How to Load a Trailer in 4 Easy Steps
October 22, 2019
Trailer Loading Tips for Safety & Efficiency
When it comes to loading a utility trailer, just pack up and go, right? Well, not exactly. I mean, sure, it’s essentially a matter of loading cargo and getting on the road. But, to ensure everyone makes it there in one piece (cargo and loader), it’s best to follow a few ground rules…
1. PREPARE YOURSELF
Have you stretched lately? We’re not talking about that yawn stretch you do when you get out of bed in the morning. We’re talking real stretching to loosen up the muscles and prepare them for lifting heavy cargo back and forth multiple times.
We suggest the following steps to get you ready:
Warm up your muscles by engaging in a continuous motion without overextending yourself
Always work both sides equally to ensure you’re not favoring one are over the other
Breathe in before the stretch and out as you perform it – just like you would with weightlifting
Work the arms by extending one up and over your head – holding for a five count
Pull one arm across your chest and hold with the opposite arm – hold for five
Work the legs by lifting at the knee and placing against your back – holding for a five count
Lift and hold one leg at an angle across your torso or level with your opposite knee – hold for five
Work the neck by leveling your head above your shoulders, then slowly pulling back – hold for five
Slowly tilt your head to the left and right – holding at the extension for a five count
These are just a few to get you started, but don’t worry, there’s no shortage of stretching routines you can find online!
Note: always perform stretches based on your ability or doctor’s orders to prevent further injury
2. PREPARE THE TRAILER
There’s no need to stretch the trailer, but a good cleaning never hurts. Plus, it’ll make your life much less difficult if there’s no dirt to deal with. After all, if you use your trailer for moving furniture, the last thing you want is to unload and have to clean everything from top to bottom.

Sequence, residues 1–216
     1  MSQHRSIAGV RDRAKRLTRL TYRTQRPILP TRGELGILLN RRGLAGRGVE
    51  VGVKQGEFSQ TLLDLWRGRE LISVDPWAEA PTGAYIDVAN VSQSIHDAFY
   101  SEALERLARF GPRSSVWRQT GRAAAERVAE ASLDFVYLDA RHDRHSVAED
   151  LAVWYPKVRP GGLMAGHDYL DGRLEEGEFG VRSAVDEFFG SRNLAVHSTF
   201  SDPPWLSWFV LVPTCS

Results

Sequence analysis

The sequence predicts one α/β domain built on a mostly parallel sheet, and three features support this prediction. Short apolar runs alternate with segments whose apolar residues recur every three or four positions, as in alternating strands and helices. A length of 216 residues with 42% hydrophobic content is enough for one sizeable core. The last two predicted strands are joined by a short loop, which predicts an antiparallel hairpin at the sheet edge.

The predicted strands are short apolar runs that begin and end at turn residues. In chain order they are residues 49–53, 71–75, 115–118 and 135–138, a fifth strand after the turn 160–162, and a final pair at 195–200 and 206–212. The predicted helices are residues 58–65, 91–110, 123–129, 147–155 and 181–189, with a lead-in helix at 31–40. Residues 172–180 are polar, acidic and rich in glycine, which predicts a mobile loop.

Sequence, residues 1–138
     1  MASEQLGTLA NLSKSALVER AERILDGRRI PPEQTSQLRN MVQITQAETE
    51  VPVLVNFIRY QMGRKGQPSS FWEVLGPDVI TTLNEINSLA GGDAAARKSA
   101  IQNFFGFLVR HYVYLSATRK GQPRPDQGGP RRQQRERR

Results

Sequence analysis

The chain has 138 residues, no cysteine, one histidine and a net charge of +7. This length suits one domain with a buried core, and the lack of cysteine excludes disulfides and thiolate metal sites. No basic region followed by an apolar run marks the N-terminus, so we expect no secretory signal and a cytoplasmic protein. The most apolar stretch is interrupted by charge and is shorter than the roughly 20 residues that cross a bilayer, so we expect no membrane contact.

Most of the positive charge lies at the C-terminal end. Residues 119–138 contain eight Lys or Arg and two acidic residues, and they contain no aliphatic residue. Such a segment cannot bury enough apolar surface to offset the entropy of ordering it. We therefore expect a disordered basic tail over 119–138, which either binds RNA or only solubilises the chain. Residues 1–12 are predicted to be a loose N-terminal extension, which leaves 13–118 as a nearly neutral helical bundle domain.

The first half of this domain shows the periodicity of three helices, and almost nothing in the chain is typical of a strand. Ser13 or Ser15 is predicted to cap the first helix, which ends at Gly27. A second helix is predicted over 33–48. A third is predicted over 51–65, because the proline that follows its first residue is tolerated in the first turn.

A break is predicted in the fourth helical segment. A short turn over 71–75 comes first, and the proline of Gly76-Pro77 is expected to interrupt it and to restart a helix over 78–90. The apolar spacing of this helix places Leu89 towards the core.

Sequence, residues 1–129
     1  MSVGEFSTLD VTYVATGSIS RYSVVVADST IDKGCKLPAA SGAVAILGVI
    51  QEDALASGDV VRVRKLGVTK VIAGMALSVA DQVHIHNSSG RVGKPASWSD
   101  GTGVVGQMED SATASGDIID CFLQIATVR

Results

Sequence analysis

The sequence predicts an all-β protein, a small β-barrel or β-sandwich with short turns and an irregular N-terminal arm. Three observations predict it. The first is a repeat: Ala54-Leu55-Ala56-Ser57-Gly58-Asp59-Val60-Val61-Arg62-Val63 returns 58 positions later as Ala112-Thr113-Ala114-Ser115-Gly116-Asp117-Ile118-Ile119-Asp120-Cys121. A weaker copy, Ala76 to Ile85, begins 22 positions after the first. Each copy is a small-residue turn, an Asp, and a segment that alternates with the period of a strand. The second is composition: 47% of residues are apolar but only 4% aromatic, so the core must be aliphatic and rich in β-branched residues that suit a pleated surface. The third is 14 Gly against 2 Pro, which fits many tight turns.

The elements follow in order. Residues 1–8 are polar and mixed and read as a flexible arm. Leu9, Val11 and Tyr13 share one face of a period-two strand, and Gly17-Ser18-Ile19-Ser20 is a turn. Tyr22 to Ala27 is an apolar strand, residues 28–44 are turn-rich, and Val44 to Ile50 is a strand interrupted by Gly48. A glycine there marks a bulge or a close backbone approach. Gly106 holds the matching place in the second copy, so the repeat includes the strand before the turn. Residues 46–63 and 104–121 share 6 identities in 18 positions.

- Sweep first to get all loose particles off the trailer bed
- Hose it down if there’s real grime and debris stuck to the bed, side rails, or ramp
- Make sure to hose down the hitch and the wheels to avoid buildup of harmful elements
- If you choose to hose it down, allow it to air dry before loading any fabric on the bed
Now that it’s clean, it’s time to get your towing equipment ready.
- Collect all straps and tie-down equipment so you know what you’re working with
- Grab blankets that you can use to separate fragile items prone to scratching
- A tarp is always a good item to have on hand in case of rain or snow
- Bring a dolly or rolling cart to make your life much easier when loading heavy items
3. MAKE A PLAN
Just like moving into a new house, you need to know where the cargo is going to ride. By following the 60/40 rule, this process becomes much clearer. So, what is the 60/40 rule?
Sixty percent of the cargo should be loaded into the trailer first so it rests closer to the towing vehicle where the weight can be best supported. This also allows the vehicle to stop and turn easier as there’s no weight displacement that can cause fishtailing.
The other 40 percent should be your lightest cargo– small boxes, lamps, pillows, etc. Not only does this alleviate strain on the towing vehicle’s braking ability, it’s safe to assume the items you need to grab in a hurry are lighter and therefore easier to access from the gate/ramp.
Thanks to the openness of utility trailers, access from the sides is also very easy. In this blog, we highlight a few ways to customize your trailer with the items you need most.
4. SECURE THE GOODS
Here’s where that preparation comes in handy. With the proper straps and tie-downs at the ready, you can make sure your cargo isn’t going anywhere while in transit. Tie off rings and D-rings are essential trailer accessories, as these give you a place to hook down straps and wrap cords through as you work to secure items from shifting on the road. Otherwise, you’re stuck relying solely on the side rails or getting really creative – which doesn’t always work out in the end.
To protect sensitive items (think antiques or TVs), you’ll want to wrap them in a blanket before securing with straps or bundling together with other things. No matter how tight you strap items in, the road is going to force them to shift a bit, so the blanket helps to reduce scratching or dings.
Many Everlite trailers feature integrated loop tie off rings. Everlite owners can even opt for an additional tie off ring and/or 5,000-lb. recessed floor D-ring for even the heaviest of items.
For more loading insights, your Everlite Trailers dealer is an incredible resource for tips and tricks. And when the time comes, they’ll help you choose the right open trailer for any cargo loading job.
We also encourage you to visit and share your own advice on our Facebook page!